They make policies in the cities and think the entire country runs on apps.

Regi George, Tribal Health Initiative

Athique, Adrian., 2019. Digital Transactions in Asia. Digital Transactions in Asia: Social , Economic and Informational Processes. (pp. 1-22) edited by Adrian Athique and Emma Baulch. New York, NY United States: Routledge

BBC. 2021. A brief introduction to India – Case study – development in an emerging country – India – Edexcel. [online] Available at: <https://www.bbc.co.uk/bitesize/guides/zc72frd/revision/1&gt; [Accessed 10 September 2021].

Beniwal, V., 2020. As digital divide widens, India risks losing a generation to pandemic disruption. [online] The Print. Available at: <https://theprint.in/india/education/as-digital-divide-widens-india-risks-losing-a-generation-to-pandemic-disruption/568394/&gt; [Accessed 10 September 2021].

Iyengar, R., 2020. Why Silicon Valley’s biggest companies are investing billions in India. [online] CNN. Available at: <https://edition.cnn.com/2020/07/17/tech/google-facebook-india-investment-jio/index.html&gt; [Accessed 10 September 2021].

Jain, M., 2021. Why India’s digital divide is hampering vaccine access. [online] Devex. Available at: <https://www.devex.com/news/why-india-s-digital-divide-is-hampering-vaccine-access-99943&gt; [Accessed 10 September 2021].

Mukherjee, R., 2018. Jio sparks Disruption 2.0: infrastructural imaginaries and platform ecosystems in ‘Digital India’. Media, Culture & Society, 41(2), pp.175-195.

Pham, S., 2020. Facebook is spending $5.7 billion to capitalize on India’s internet boom. [online] CNN. Available at: <https://edition.cnn.com/2020/04/22/tech/facebook-india-reliance-jio/index.html&gt; [Accessed 10 September 2021].

Rajya Sabha TV, 2019. In Depth – Digital India. Available at: <https://www.youtube.com/watch?v=gyTS84yRgHM&ab_channel=RajyaSabhaTV&gt; [Accessed 10 September 2021].

Sky News, 2020. India’s digital divide magnified in coronavirus pandemic. Available at: <https://www.youtube.com/watch?v=j0TVwrzOmGY&ab_channel=SkyNews&gt; [Accessed 10 September 2021].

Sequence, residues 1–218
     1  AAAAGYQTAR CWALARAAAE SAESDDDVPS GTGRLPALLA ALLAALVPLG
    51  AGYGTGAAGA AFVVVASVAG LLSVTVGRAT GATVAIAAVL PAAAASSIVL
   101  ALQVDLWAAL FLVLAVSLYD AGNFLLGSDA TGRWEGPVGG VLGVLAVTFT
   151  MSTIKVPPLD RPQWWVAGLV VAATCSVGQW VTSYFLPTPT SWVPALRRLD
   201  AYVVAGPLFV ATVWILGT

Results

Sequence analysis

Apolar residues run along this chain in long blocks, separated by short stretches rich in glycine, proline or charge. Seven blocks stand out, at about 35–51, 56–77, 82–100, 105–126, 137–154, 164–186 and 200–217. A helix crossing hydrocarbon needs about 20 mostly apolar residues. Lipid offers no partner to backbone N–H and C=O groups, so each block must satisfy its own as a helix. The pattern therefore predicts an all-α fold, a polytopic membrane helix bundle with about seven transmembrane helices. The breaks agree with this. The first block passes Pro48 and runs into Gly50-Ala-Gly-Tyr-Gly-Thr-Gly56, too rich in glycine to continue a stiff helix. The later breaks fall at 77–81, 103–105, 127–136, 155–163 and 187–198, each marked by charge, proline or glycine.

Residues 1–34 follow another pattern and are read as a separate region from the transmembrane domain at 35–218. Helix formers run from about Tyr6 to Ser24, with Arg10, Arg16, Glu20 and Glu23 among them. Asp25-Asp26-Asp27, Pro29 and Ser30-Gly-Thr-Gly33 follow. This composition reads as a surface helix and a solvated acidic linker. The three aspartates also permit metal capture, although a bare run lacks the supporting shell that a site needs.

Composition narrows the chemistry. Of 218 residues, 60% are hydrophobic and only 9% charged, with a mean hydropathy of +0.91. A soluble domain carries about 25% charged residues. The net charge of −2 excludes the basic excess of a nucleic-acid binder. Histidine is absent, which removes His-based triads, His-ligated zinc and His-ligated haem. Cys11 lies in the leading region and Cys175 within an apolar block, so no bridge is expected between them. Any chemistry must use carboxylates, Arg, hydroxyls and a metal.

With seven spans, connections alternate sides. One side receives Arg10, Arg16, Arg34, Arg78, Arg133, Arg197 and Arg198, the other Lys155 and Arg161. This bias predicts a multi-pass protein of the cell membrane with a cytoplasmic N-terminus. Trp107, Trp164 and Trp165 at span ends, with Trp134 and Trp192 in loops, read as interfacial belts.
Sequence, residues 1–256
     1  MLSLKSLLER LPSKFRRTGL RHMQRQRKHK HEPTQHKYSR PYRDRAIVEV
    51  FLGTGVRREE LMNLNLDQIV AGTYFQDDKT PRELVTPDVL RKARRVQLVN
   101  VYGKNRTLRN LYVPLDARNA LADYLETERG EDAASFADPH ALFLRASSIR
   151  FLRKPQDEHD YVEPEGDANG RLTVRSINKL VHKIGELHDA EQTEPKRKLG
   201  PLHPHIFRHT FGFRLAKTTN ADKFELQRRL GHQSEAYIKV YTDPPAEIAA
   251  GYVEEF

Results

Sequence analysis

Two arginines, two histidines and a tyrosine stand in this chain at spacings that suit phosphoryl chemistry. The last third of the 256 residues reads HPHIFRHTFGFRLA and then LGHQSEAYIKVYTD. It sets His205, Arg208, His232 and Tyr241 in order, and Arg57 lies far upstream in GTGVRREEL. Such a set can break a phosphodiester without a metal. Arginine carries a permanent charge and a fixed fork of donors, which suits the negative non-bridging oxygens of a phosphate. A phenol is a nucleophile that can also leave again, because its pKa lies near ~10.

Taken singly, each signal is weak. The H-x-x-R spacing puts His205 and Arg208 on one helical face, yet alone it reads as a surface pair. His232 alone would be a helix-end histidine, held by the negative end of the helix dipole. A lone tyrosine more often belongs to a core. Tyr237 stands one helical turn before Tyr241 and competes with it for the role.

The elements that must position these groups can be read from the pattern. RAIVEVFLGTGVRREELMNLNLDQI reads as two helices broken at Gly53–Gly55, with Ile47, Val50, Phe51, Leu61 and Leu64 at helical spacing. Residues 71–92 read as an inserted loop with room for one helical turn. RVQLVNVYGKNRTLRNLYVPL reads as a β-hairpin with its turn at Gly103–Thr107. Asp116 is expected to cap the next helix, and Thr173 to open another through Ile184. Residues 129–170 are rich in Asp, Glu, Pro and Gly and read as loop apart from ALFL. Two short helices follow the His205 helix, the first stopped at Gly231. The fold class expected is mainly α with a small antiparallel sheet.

Week #5 The First 5 Reflected

Enrolling in BCM320 ‘Digital Asia’ I did not think I had any preconceived ideas of what the subject would entail. My background (currently in the final year of an IT degree) didn’t really afford me any insight into the innerworkings of a BCM subject either. However, upon scrolling through the Moodle site on week 1 I discovered an innate bias, realising that I had made a de-facto assumption thinking that within the scope of this subject “Digital Asia” was really going to be shorthand for “Digital China”. From that somewhat dim starting point, the move away from typifying Asia as a collective same in the realm of digitalisation was a marked shift. As I had never really considered Asia’s digital scape under any form of scrutiny, be it personally or within a uni subject.

In the first week, I found myself incredibly responsive to the screening of Hao Wu’s The People’s Republic of Desire (2019). The cultural paradigms being challenged and the social dynamics at play felt far more personal than I had previously expected. I suppose I had figured that this subject would leave me feeling in a somewhat removed position from such content. But in considering the film I could see many similarities to my own life here in Australia and our US dominated Internet and media scape. Outside of this initial reaction, through the screenings of India in a Day, Alpha Go and Under the Dome the overarching themes that I found myself considering and reconsidering is as Athique observed, the infrastructural turn in Asia, the push towards ‘virtual’ business models and the subsequent socio-cultural effects of such rapid digital acceleration. Athique notes in reference to digitalisation and the level of infrastructure developed that regional differentiation in autonomy and capacity can be clearly seen.